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What happened when we changed the Inside Government nav

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On 9th April we made major changes to the Inside Government navigation bar by 1) exposing the sections rather than nesting them and 2) moving the search query field to the left.

This was in response to user testing that suggested users were having difficulty finding some content, such as consultations which had been in a drop down under publications.

I’ve done some analysis of the impact that this had on pageviews to the different sections. I’ve looked at the data two weeks prior to the change and two weeks after the change, avoiding the Easter holiday period (“Get involved” and “Worldwide” were omitted as they were not live through the entire period)

  • With more departments being converged there was an increase of 78% of IG pages in the second period. IG in total had an increase of 144% in pageviews, the pages being measured had a total increase of 66%.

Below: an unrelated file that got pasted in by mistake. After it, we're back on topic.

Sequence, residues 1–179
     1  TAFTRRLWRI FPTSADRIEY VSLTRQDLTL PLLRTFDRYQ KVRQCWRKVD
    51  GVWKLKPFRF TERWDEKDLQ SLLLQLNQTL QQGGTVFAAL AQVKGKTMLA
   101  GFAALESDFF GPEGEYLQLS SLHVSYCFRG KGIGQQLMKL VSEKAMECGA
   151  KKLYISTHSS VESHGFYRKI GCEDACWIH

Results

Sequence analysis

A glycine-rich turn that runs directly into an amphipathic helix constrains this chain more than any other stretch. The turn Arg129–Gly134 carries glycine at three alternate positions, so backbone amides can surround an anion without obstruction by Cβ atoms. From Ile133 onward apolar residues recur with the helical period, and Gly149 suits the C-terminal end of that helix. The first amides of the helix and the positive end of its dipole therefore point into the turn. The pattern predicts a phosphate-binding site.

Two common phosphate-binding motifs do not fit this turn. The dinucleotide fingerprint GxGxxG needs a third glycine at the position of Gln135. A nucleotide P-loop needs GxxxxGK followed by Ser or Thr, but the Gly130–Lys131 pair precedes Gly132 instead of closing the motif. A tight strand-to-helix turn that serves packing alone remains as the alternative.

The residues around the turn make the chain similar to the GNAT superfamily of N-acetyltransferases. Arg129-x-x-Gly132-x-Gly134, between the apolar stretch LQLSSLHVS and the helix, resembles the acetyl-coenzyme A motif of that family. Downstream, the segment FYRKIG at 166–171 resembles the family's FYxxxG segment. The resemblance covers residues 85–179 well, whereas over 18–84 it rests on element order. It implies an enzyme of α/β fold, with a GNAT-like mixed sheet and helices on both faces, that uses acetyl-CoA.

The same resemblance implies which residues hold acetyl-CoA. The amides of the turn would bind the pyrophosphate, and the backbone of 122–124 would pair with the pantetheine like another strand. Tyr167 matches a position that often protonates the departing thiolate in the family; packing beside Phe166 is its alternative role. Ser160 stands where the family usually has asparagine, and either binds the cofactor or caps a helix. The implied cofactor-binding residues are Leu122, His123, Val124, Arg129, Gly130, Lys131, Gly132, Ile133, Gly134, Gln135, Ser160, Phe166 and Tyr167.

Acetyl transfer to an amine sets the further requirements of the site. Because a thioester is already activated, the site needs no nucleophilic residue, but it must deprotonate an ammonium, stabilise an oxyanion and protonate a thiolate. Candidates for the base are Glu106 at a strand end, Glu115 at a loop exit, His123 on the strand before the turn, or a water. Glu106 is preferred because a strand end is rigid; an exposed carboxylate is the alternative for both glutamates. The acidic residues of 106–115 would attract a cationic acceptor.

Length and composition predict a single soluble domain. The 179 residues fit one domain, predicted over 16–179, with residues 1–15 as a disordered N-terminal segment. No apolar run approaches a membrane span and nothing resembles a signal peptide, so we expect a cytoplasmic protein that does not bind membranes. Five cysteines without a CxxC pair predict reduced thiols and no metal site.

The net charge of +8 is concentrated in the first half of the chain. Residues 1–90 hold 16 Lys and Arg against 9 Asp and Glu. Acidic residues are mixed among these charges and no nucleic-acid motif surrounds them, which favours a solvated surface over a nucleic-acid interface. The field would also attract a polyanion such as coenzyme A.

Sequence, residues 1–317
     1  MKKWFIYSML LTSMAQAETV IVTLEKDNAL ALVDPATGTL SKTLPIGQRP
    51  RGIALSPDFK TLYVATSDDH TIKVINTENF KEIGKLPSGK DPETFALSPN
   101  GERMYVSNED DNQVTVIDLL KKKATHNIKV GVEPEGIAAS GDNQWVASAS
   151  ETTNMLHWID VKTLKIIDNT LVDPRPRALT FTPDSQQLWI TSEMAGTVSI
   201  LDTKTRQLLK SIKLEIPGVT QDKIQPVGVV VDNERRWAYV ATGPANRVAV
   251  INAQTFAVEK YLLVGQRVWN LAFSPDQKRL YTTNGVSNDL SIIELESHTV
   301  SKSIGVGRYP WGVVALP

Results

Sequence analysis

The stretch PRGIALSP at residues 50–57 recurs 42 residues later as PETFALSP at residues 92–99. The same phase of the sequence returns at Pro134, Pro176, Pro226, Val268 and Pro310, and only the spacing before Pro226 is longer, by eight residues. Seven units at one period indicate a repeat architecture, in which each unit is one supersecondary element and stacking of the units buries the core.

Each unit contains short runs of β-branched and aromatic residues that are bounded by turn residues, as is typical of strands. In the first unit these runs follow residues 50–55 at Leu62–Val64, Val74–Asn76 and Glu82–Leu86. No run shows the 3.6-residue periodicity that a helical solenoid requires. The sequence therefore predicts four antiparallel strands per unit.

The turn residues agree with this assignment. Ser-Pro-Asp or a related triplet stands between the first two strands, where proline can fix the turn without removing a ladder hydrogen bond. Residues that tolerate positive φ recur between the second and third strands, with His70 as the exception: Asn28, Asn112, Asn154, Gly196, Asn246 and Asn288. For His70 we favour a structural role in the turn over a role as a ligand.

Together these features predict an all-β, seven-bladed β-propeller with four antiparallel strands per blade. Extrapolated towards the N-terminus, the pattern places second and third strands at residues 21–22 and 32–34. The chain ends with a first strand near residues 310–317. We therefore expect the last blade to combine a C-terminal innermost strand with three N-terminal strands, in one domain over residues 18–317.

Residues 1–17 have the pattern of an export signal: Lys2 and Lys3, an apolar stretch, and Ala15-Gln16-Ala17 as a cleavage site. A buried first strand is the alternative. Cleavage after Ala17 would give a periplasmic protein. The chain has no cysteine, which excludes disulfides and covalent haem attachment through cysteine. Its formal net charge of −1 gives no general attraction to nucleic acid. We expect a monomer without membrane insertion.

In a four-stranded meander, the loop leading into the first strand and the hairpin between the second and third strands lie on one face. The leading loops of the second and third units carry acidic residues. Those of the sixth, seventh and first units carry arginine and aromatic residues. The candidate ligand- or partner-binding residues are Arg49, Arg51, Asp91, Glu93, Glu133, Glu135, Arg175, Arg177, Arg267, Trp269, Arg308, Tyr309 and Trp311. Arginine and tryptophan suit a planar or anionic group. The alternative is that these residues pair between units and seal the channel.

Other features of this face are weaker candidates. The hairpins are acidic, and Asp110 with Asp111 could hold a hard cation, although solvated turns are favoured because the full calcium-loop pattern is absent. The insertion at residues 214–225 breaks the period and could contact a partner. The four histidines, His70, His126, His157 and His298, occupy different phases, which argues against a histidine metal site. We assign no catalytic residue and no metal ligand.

• There is a great distribution in the percentage change of the pages featured in the header. The “Statistics” link has benefited the most with an almost 500% increase in pageviews.


  • Views of the “Topics” page has actually decreased by 30% but there may have been other factors involved. It may have been that topics was being utilised by users who were trying to find their way to sections now exposed by the new nav.

Because the new nav bar also meant a change in the position of the search query field and I asked my colleague, Tara, to look at the impact that had.

Tara found that searches for publications and consultations dropped most visibly, suggesting that those nav links have made a difference.

The exact terms ‘policy’ and ‘policies’ decreased slightly, but numbers were low so not very significant, whereas longer terms containing ‘policy’ or ‘policies’ increased by 22% and 24%. Some other terms also increased, but by less than the total Inside Government searches (about 25%), so really they all still dropped slightly.

Only searches containing ‘statistic’ definitely increased, by 28%.

Other good news is that changing the design of the search box has reduced the number of users clicking the search button without entering a search term.

In summary, I think that this analysis points toward the changes to the nav being positively received by users. But we’ll keep an eye on it and keep tuning it as we go.

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